what’s on

Use pink bus stops for travel into Hamilton,

on Saturdays and Sundays, etiquette class on Sundays. $19 for under 12s with a donation, $25 without. $35 for tea with etiquette class. Over 12s, $35. Tel: 298-5779.

n Pantomime — The Firebird Dec. 9-18 Christmas pantomime based on 1910 ballet by Stravinsky. City Hall Theatre, tickets $35. Show starts at 7.30pm, matinees on Dec. 11, 12, 18 at 3pm. See www.bmds.bm

n Folk Medicine: Yesterday and Today Dec. 9, 23, 30, 2-4pm Introduction to herb and plant medicine used by early settlers and modern holistic approaches. At No. 6 Passenger Terminal, Front Street. Tel: 292-9447.

n BMAZ Nature Encounters Dec. 11, 9:30-11am All about reptiles workshop at Bermuda Museum, Aquarium and Zoo. $15 members, $30 non-members. Tel: 293-2727, info.bzs@gov.bm

n WindReach Live Nativity Dec. 12, 5-8pm The charity’s Christmas celebration and carol singalong at 57 Spice Hill Road, Warwick. www.windreachbermuda.bm

n Nutcracker Holiday Spectacular Dec. 18, 2pm and 7pm Performed by In Motion School of Dance at Ruth Seaton James Centre, CedarBridge Lane, Devonshire. Tickets from www.bdatix.bm

n Hogmanay Ball Dec. 31 Hogmanay is the Scottish name for New Year’s eve and this dinner and dance is hosted by the island’s Caledonian Society at Fairmont Hamilton Princess. For more details, e-mail ihind@becl.bm

n Art sessions Hamilton Visual Arts Centre, King Street. Tue 5-8pm, art sessions; Wed 11am-3pm, Mommy and Me Day; Thurs 5-8pm, Ladies Night; Fri 7-10pm, College Night; Sat 1011:30am, Kids Art Club (ages six and up). Tel: 293-5960.

n Visitor Golf Tournament Mon & Thurs, time TBA. At par 71 Port Royal Golf Course, home of the PGA Grand Slam. Fifty per cent discount on green fees - $90pp including cart for 18 holes. Club rentals $25. tel: 234-0974, www.portroyalgolf.bm

n Skirling Ceremony Mondays, noon Kilted pipers, drummers and dancers at Fort Hamilton, Happy Valley Road, Pembroke. Free. Tel: 292-9447.

n Bermuda’s Culture and Traditions Photo by Leanne McGrath

Scots will be out in full force at the Hogmanay Ball. 12 bermuda.com guide

Mon & Wed, 11am-12pm Part of the Talking about Bermuda lecture series. Bermuda National Gallery, City Hall, Hamilton. Tel: 292-9447.


what’s on

and blue for heading away from the city. n Bermuda Gombey Revue Tuesdays, 4pm Traditional dancers at No. 6 Passenger Terminal, Front Street. Free. 292-9447

n Bermuda’s History Tuesdays, 11am Lecture at Bermuda National Gallery, City Hall, Hamilton. Free. 292-9447

n Visitor Golf Tournament Wednesdays, time TBA At Ocean View Golf Course, Devonshire, a par 35, nine-hole course. $50pp including cart, $20 club rentals. 18-hole rate upon request. 295-9093, www.oceanview.bm

n Chit Chat: A Dolphin Experience Wednesdays Learn about dolphins and protecting the ocean at Dolphin Quest, Dockyard. $10 adults, $8 seniors, under 13s free. www. dolphinquest.org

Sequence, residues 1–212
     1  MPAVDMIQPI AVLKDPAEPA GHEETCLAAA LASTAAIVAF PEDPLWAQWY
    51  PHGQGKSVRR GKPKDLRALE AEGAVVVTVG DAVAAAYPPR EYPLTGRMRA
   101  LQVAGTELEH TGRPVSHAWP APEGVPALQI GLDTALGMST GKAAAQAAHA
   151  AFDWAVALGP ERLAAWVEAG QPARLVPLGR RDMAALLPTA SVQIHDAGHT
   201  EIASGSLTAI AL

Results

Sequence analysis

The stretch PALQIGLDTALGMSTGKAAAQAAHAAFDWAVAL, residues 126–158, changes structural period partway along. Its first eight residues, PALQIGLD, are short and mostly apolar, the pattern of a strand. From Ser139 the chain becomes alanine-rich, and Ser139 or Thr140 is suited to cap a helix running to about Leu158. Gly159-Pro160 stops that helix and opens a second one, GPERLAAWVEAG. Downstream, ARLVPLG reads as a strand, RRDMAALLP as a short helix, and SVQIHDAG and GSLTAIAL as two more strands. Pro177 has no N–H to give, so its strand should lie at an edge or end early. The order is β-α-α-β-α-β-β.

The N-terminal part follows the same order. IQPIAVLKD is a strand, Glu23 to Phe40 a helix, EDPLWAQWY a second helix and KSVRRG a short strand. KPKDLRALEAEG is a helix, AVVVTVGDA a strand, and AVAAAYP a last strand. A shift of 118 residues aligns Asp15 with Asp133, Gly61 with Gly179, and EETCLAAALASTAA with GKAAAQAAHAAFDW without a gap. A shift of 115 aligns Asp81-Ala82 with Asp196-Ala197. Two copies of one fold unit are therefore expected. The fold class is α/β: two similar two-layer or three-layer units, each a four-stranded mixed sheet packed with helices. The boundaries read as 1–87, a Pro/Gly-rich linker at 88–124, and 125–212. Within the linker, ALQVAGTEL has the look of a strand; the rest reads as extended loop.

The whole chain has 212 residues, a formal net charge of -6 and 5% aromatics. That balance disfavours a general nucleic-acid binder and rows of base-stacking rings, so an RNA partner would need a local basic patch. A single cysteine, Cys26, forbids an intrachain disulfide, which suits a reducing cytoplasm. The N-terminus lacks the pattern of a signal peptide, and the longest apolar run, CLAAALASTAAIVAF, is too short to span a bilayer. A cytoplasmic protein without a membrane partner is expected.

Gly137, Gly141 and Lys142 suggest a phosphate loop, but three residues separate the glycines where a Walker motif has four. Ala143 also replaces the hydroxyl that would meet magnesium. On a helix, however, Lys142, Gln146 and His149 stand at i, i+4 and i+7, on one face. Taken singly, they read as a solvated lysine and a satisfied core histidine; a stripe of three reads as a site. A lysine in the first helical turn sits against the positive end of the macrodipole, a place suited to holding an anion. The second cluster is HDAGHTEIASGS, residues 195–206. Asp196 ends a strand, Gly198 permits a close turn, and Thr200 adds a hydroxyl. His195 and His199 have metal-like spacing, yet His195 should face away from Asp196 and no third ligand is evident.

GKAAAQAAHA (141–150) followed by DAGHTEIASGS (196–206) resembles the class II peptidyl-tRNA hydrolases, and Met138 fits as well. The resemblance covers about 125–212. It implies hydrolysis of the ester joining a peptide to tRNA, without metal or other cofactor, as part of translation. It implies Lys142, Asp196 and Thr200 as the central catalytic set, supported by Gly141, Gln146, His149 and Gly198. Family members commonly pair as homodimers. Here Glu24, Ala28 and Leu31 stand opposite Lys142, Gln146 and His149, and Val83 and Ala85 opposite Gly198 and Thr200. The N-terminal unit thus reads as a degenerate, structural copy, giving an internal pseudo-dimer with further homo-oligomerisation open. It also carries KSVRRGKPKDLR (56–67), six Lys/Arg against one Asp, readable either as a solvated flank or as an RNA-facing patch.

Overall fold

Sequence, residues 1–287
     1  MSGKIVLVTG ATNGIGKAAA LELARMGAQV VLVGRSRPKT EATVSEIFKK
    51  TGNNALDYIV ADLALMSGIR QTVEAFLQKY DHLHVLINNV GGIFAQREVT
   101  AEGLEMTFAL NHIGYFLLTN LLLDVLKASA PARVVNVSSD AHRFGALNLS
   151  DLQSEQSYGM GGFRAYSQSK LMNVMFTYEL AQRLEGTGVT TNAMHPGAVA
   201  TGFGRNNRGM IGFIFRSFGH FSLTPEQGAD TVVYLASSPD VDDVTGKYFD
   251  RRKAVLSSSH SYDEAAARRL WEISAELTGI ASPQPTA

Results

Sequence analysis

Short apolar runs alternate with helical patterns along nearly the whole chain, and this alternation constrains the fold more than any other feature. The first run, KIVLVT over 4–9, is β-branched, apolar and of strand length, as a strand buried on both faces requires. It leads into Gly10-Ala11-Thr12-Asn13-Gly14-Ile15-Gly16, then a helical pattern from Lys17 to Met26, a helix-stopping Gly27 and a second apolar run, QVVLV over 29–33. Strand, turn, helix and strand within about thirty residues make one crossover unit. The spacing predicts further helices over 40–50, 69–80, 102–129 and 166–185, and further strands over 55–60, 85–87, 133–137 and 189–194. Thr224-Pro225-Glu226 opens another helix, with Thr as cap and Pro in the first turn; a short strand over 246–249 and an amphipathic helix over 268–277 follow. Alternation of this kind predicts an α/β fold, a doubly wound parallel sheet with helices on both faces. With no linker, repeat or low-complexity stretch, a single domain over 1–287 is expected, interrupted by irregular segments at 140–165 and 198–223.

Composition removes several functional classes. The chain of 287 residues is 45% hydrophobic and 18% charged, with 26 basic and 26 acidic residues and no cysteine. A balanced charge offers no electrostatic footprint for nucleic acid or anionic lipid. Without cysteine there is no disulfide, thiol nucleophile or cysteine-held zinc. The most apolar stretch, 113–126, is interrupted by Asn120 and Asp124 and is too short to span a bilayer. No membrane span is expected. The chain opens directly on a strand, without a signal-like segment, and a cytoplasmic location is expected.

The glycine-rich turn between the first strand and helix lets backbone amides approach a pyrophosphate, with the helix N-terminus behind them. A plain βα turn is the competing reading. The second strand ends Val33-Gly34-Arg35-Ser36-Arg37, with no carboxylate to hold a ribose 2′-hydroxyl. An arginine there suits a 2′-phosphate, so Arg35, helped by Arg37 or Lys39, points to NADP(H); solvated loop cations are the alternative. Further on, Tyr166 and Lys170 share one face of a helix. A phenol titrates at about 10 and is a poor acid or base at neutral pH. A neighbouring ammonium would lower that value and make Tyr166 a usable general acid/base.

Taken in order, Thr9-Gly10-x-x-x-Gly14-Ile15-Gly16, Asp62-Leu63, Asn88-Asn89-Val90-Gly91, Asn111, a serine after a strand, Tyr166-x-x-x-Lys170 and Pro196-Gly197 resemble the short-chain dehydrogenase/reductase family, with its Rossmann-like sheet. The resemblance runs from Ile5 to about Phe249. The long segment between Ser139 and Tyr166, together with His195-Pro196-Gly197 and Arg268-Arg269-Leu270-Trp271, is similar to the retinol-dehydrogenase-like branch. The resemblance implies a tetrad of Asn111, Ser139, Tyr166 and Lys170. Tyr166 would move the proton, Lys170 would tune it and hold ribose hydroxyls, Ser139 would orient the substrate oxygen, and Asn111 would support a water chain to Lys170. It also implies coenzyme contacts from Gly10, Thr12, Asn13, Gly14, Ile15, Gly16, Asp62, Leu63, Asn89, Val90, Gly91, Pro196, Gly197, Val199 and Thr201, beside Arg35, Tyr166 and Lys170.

n Cookery demonstrations Wednesdays, 2:30-4pm Local flavours from Bermudian chef Cheryl Kerr. No. 6 Passenger Terminal, Front Street, Hamilton. Free.

n Hands On Craft Thurs & Sun, 1-4pm Make your own creation at Bermuda Craft Market. Free. Tel. 292-9447

n Somerset Walk and Slide Show Thursdays 10am Tour of Somerset starting from Country Squire Restaurant, Mangrove Bay. 11:15am, Audio-visual tour of Bermuda highlights. Free, tel. 292-9447

n Salsamania Fridays, 9:30pm-12:30am Free Latin dance and music at Lido Complex, Elbow Beach Hotel. www.bermudasalsa.com

n Dolphin Show Saturdays, 3pm At DolphinQuest, Dockyard. $10 adults, $8

seniors, under 13 free. www.dolphinquest.org

n Vendor Market Saturdays Somerset Cricket Field, Somerset Road, Sandys. www.bsbdc.bm

n Olde Towne Market Sundays, 2-6pm European-style street market at King’s Square and Water Street, St. George’s. 296-6185

n Walking Club of Bermuda Sundays, 7am Dec. 5, Gibbs Hill Lighthouse, Southampton. Dec. 12, A1, Valley Road, Paget. Dec. 19, Admiralty House, Pembroke. All walks free. www.walk.free.bm

n Taste of Bermuda Calypso Sundays Sundays, 1:30-3:30pm Try Bermuda preserves, rum cakes and locally brewed beer and ginger beer while listening to a Calypso band at Bermuda Craft Market, Dockyard. Tel. 292-9447

n Dockyard Glassworks Daily, 9am-10pm Daily glassblowing and fresh rumcake. Dockyard, free. Tel. 292-9447

n Bermuda Clayworks Daily, 9am-5pm A full-time pottery production company and gallery in Dockyard. Tel. 234-5116

tours n Old Town Tour Wednesdays and Saturdays, 10:30am Walking tour of St. George’s, starting at King’s Square. Free. Tel. 292-9447

n Historical reenactment Saturdays, noon Recreation of a ducking. King’s Square, St. George’s. Free. Tel. 292-9447

bermuda.com guide 13


what’s on

Most common surnames: Bean, Burgess,

n City walking tours Mondays, 10am Departs from Bermuda National Library on Queen Street and ends at Fort Hamilton for the skirling ceremony. Free. Tel. 292-9447

n Beyond Bermuda tours Historian Tim Rogers hosts history and nature tours. Tel: 234-4082. E-mail: trogers@northrock.bm

n Byways Bermuda Tours Fully escorted tours with driver, guide & refreshments. Tel: 504-8687. www.bywaysbermuda.com

n Bermuda Institute of Ocean Sciences Tour Wednesdays, 10am Hour-long tour of labs, grounds & research vessels of marine research centre. Free. Biological Lane, Ferry Reach, St. George’s. Tel: 297-1880. E-mail info@bios.edu www.bios.edu

n Famous Homes and Hideaways sightseeing cruise Various days/times Cruise into an exclusive neighbourhood known as Millionaires’ Row plus learn about our flora and fauna. $45. From Hamilton Harbour and Dockyard. Contact Geri Roberts, Consort Cruises. Tel: 335-7201. E-mail consort@transact.bm

Photo by Tony McWilliam

Monarch butterflies are among the natural delights you’ll come across at the Botanical Gardens. n Sessions House Tour Mondays, 11am Tour home of Parliament and Supreme Court. Free. Corner of Parliament and Church Streets, Hamilton. Tel: 292-9447